Due to an unfortunate stretch of injuries, Minnesota has started its 2012-13 campaign slowly, but if it can squeeze into the playoffs, it will be on the strength of Love's ability to dominate the inside and crash the glass better than anyone.
Dwight Howard: Athleticism
Dwight Howard is by no means a particularly skilled basketball player. His offensive game lacks versatility outside of a shaky hook shot, he is as inconsistent as they come from the foul line and he still has the habit of swatting shots into the stands instead of trying to save them.
However, Howard makes up for all of his finesse shortcomings with is his pure, unmatched athleticism. Despite being 6'11" and pure muscle, Howard's movements on the court are incredibly fluid, which makes him a devastating help defender.
Offensively, he may not be able to do much in the halfcourt, but he can power his way to the rim with his deceptive quickness and often outruns his man down the court on the fast break to finish at the rim.
While many thought that his back injury would hamper him in terms of moving on the floor, that has not been the case thus far during his tenure with the Los Angeles Lakers, and as long as Howard remains one of the most athletic players suiting up in the league, L.A. has to be considered a championship contender regardless of its record.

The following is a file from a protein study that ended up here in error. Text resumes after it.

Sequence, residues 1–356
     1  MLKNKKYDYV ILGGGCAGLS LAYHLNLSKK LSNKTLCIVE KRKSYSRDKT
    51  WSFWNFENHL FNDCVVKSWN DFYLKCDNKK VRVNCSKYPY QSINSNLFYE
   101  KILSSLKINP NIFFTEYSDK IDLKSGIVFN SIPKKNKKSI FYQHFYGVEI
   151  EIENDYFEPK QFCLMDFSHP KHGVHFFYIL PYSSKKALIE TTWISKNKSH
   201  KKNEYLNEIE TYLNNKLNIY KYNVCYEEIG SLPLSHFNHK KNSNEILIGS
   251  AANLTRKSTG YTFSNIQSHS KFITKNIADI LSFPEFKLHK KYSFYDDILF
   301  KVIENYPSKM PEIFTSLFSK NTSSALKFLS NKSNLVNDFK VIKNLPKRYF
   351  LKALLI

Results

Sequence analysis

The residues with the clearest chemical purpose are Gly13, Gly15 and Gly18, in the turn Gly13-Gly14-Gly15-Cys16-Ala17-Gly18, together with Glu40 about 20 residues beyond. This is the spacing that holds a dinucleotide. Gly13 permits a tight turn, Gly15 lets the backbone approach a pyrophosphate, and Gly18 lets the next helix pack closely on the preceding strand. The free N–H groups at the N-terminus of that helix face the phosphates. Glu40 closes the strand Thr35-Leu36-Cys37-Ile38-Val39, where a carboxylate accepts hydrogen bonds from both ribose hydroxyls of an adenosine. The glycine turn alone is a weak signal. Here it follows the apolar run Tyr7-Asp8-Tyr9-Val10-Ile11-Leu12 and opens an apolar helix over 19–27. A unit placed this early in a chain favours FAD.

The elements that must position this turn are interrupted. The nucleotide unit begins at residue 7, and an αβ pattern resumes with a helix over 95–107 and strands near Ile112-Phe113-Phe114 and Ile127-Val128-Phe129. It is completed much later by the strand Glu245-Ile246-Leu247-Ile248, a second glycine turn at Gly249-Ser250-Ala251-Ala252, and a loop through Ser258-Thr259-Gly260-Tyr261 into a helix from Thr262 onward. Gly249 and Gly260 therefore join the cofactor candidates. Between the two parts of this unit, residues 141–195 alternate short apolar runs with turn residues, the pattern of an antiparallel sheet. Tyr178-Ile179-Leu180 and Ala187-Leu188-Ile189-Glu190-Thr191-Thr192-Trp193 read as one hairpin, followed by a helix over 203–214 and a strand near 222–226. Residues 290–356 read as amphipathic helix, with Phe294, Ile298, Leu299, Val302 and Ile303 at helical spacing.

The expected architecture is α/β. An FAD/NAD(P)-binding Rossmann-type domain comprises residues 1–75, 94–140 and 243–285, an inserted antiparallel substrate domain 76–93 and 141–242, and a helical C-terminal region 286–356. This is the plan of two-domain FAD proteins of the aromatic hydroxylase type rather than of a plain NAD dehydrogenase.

Kobe Bryant: Sense of the Moment
Saying Kobe Bryant is "clutch" at this point in his storied career would do nothing but incite a riot in the comment section. At this point, Bryant has more than earned the reputation as a crunch-time assassin, but what really impresses about him is his ability to elevate his play at any moment during a game to help his Lakers' squad.
Bryant has plenty of game-winners under his belt and is the player everyone knows the Lakers will look to if they are down one with 10 seconds left, but Bryant is more than capable of taking over at any point in the game if it is necessary.
If a team appears to be pulling away from L.A., Kobe will knock down a few tough outside jumpers or go to his extremely refined mid-post game to put the Lakers right back in the thick of things, and he always seems capable of shaking off a rough shooting night to make shots when it counts.